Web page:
Understandability in AI refers to how easily the workings and decisions of an AI model can be comprehended by people, generally making sure that AI systems convey their operational logic in human-accessible terms.
Imagine going to a magic show and the magician does lots of cool tricks. But wouldn’t you want to know how he does these tricks? Understandability in AI is like that magician telling you how he does his tricks. So, it’s about making sure that AI systems can explain in easy-to-understand language how they make their decisions.
The complexity of AI models, especially deep learning ones, often makes their internal workings difficult to interpret. Without a clear comprehension of these models, it’s like using a black box where inputs are given and outputs are received, but the process in between is unknown. Hence, the idea of understandability in AI is essentially trying to turn that black box into a glass box, so to speak.
Understandability can sometimes be considered a part of interpretability, but where interpretability is about the model being understandable at a macro- level, understandability zooms in further at a micro-level. Understandability allows the consumer of the AI model’s output to grasp why a specific decision was made by that model. It is about giving a clear cause-and-effect kind of explanation where, when a certain factor changes in the input, the impact on the output can be explicitly explained. In essence, it ensures that the model provides enough information to enable informed decisions and engender trust in its workings.
The techniques used to enhance understandability can vary depending on the kind of model. For simpler models such as linear regression and decision trees, they are inherently understandable due to the explicit representation of the decision making process. However, with complex models like neural networks, it can be complicated due to the large number of hidden layers and non-linear transformations. Specific techniques have been devised for them, such as saliency maps or feature importance charts.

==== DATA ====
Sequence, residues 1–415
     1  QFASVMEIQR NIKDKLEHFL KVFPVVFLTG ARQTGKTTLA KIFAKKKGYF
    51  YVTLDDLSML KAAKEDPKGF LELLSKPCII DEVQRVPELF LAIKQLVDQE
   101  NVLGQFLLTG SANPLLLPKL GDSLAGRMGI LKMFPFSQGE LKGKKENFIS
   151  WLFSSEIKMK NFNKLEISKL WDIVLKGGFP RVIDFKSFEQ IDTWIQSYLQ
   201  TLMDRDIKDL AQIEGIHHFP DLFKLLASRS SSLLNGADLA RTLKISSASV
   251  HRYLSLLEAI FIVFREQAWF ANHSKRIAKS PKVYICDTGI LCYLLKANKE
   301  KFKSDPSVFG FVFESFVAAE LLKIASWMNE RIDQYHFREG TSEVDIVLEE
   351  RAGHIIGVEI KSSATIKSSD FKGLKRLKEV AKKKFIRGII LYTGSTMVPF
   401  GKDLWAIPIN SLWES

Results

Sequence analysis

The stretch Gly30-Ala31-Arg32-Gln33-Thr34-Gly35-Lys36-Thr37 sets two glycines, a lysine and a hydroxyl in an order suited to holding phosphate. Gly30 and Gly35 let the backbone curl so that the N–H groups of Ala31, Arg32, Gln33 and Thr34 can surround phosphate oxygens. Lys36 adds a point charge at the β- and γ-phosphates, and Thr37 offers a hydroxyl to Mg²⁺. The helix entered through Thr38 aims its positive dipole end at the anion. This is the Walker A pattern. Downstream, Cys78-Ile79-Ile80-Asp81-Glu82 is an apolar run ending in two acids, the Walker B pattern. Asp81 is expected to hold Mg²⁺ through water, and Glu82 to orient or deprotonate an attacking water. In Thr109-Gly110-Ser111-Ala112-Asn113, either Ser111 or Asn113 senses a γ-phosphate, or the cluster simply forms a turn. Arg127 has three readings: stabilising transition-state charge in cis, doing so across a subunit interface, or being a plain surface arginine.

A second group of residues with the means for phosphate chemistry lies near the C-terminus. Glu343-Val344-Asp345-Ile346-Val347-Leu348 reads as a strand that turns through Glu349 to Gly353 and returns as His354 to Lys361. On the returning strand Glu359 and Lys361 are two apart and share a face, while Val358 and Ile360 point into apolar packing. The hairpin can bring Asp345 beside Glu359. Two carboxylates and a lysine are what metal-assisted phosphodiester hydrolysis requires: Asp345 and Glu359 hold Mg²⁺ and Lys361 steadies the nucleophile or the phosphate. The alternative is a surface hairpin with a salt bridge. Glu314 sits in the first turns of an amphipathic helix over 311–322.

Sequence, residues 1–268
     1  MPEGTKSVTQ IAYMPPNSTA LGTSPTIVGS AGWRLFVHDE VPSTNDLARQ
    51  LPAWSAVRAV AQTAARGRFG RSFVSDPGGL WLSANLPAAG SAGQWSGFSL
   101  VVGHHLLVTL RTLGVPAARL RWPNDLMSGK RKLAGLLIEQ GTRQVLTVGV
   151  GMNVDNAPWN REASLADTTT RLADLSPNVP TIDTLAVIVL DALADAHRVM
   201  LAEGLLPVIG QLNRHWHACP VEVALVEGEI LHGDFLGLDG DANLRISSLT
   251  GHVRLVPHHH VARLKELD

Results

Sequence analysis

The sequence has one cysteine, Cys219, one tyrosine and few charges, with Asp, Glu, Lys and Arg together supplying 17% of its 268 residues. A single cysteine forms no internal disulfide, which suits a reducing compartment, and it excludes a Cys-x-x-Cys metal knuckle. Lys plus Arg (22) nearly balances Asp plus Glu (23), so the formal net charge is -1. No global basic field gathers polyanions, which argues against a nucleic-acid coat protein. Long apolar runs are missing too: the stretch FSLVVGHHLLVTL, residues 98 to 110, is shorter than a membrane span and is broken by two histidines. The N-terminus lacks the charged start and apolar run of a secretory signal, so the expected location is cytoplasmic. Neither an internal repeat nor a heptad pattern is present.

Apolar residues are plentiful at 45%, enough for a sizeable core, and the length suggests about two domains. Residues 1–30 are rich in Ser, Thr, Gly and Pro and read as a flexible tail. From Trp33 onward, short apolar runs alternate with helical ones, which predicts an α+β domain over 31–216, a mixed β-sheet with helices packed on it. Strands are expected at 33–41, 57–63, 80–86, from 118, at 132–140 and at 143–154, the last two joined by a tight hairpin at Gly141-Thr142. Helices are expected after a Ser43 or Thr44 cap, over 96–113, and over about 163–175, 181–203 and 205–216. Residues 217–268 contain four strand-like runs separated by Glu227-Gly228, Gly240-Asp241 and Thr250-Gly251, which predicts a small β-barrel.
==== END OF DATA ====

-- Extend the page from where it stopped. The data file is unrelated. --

Various factors can influence the understandability of an AI system, including the complexity of the model, variance in interpretations by different users, the nature of data used, and the specific scenario in which the AI system is deployed. Therefore, ensuring understandability should be a focus throughout the design and implementation of AI systems, embedded at every stage from problem formulation to model validation and user interactions.
As AI systems continue to drive decisions in diverse sectors from finance to healthcare, the ability to understand these systems is becoming increasingly critical. Improving understandability can reduce the risks associated with misuse of AI and bias in decisions, and can aid in ethical audits and regulatory compliance.